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The Mentoring Room - Ask the Working Pros

This is a Public Topic geared towards first-time filmmakers. Professional members of The D-Word will come by and answer your questions about documentary filmmaking.

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Wilson Santos
Wed 9 Nov 2005Link
hi

i just joined this forum and found a lot of good info from reading
through the site. i have a couple of questions i'm hoping some one
here can help me with. i've never shot a doc before but have ideas
for several. i'd like to start asap but have no funds. no experience
with video as my background is film school.

questions
1. would it be best to buy a camera or rent for a first time outing?
if i buy, is the panasonic dvx-100a a good choice? is there anything
a little cheaper that can get the job done?

2. since i have no funds, but might be able to scrape up enough for
the camera, should i begin shooting in the hopes that more funds will
come my way? i have ideas for fund raising but i need to start
shooting my subjects asap.

3. is it difficult to acquire archived news footage from some of the
top networks? if not, is it expensive?

4. i'll have a very small crew of myself, a camera guy and a sound
guy. i don't have to pay either of them and i won't have to pay any
of the subject i'm interviewing. i don't think i'll be paying for
locations either. where will my expenses come from? what is it that
will cost me the most? is there an easy way to estimate the cost? i
will probably have to pay an editor unless i try and learn the
software on my own. i can provide my own original music no problem.

5. is there a standard release form for interviewees? if so, where
can i get a copy of it? if not, what should i include when i draft a
release form?

i know this is a big load. any tips would be greatly appreciated.
great forum btw

Robert Goodman
Wed 9 Nov 2005Link
1. Find a camera operator who owns equipment and convince her/him that
your project is worth doing.

2. If you are in the US, start shooting. Put together a trailer and
use that to raise money.

3. News footage from the networks is easy to acquire. It is also very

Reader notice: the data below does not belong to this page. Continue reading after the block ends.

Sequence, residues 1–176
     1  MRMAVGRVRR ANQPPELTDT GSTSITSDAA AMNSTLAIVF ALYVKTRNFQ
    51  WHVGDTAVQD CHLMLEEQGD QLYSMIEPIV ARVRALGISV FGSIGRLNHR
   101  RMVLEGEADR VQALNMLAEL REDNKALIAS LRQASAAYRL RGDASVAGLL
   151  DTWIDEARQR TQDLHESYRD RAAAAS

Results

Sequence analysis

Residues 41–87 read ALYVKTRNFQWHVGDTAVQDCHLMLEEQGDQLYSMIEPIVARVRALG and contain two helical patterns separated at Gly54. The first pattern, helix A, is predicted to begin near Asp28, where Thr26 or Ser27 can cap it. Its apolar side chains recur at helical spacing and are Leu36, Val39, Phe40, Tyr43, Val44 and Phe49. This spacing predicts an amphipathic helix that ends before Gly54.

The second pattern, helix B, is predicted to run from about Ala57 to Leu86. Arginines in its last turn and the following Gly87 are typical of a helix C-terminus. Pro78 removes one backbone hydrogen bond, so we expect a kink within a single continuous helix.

expensive.

4. If you don't pay people you'll need to cover their meals, travel,
hotel, etc. There is no easy way to estimate your costs. Don't learn
software - hire an editor who knows how to tell stories. If that isn't
in your budget - buy a book about how to tell stories - "Editing
Digital Video" (the one I wrote) or Walter Murch's book. Then get one
of the free software programs that does simple cuts and dissolves for
whichever computer platform you like.

5. There are standard release forms available on the web. Search.

Erica Ginsberg
Wed 9 Nov 2005Link
Assuming you don't need to travel for your shoots and you don't have
to pay your crew, your biggest expenses will likely be post-
production (editing, sound mix, color correction, getting rights to
archival, etc.) and outreach (website, postcards, attending
festivals, markets, etc.)

Wilson Santos
Wed 9 Nov 2005Link
thank you robert and erica for your insights. i figured the biggest
expense would be in post production. i am a music producer and work
with logic on the mac, so i can handle that aspect. robert you are
right, i probably wouldn't want to learn the software since i'm
already involved in so much else at the moment. do you know the going
rate for a video editor?

my project would rely mainly on interviews, shooting real time action
and some news archives, so i guess the bulk of the budget will be in
the archives. i'll look into it.

thanks for the advice.